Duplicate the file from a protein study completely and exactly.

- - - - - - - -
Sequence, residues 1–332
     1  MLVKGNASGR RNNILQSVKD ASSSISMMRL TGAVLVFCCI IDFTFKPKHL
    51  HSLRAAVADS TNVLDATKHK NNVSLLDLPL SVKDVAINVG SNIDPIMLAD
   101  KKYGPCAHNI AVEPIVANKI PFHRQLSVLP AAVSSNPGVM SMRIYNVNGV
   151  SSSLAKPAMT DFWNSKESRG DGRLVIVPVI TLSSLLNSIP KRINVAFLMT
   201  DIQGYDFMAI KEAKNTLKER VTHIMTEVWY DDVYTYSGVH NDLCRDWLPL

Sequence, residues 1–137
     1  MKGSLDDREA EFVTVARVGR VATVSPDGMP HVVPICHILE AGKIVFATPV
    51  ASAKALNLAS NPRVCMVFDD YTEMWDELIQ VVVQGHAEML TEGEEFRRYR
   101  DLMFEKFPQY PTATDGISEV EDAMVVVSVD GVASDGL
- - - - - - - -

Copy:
Sequence, residues 1–332
     1  MLVKGNASGR RNNILQSVKD ASSSISMMRL TGAVLVFCCI IDFTFKPKHL
    51  HSLRAAVADS TNVLDATKHK NNVSLLDLPL SVKDVAINVG SNIDPIMLAD
   101  KKYGPCAHNI AVEPIVANKI PFHRQLSVLP AAVSSNPGVM SMRIYNVNGV
   151  SSSLAKPAMT DFWNSKESRG DGRLVIVPVI TLSSLLNSIP KRINVAFLMT
   201  DIQGYDFMAI KEAKNTLKER VTHIMTEVWY DDVYTYSGVH NDLCRDWLPL

Sequence, residues 1–137
     1  MKGSLDDREA EFVTVARVGR VATVSPDGMP HVVPICHILE AGKIVFATPV
    51  ASAKALNLAS NPRVCMVFDD YTEMWDELIQ VVVQGHAEML TEGEEFRRYR
   101  DLMFEKFPQY PTATDGISEV EDAMVVVSVD GVASDGL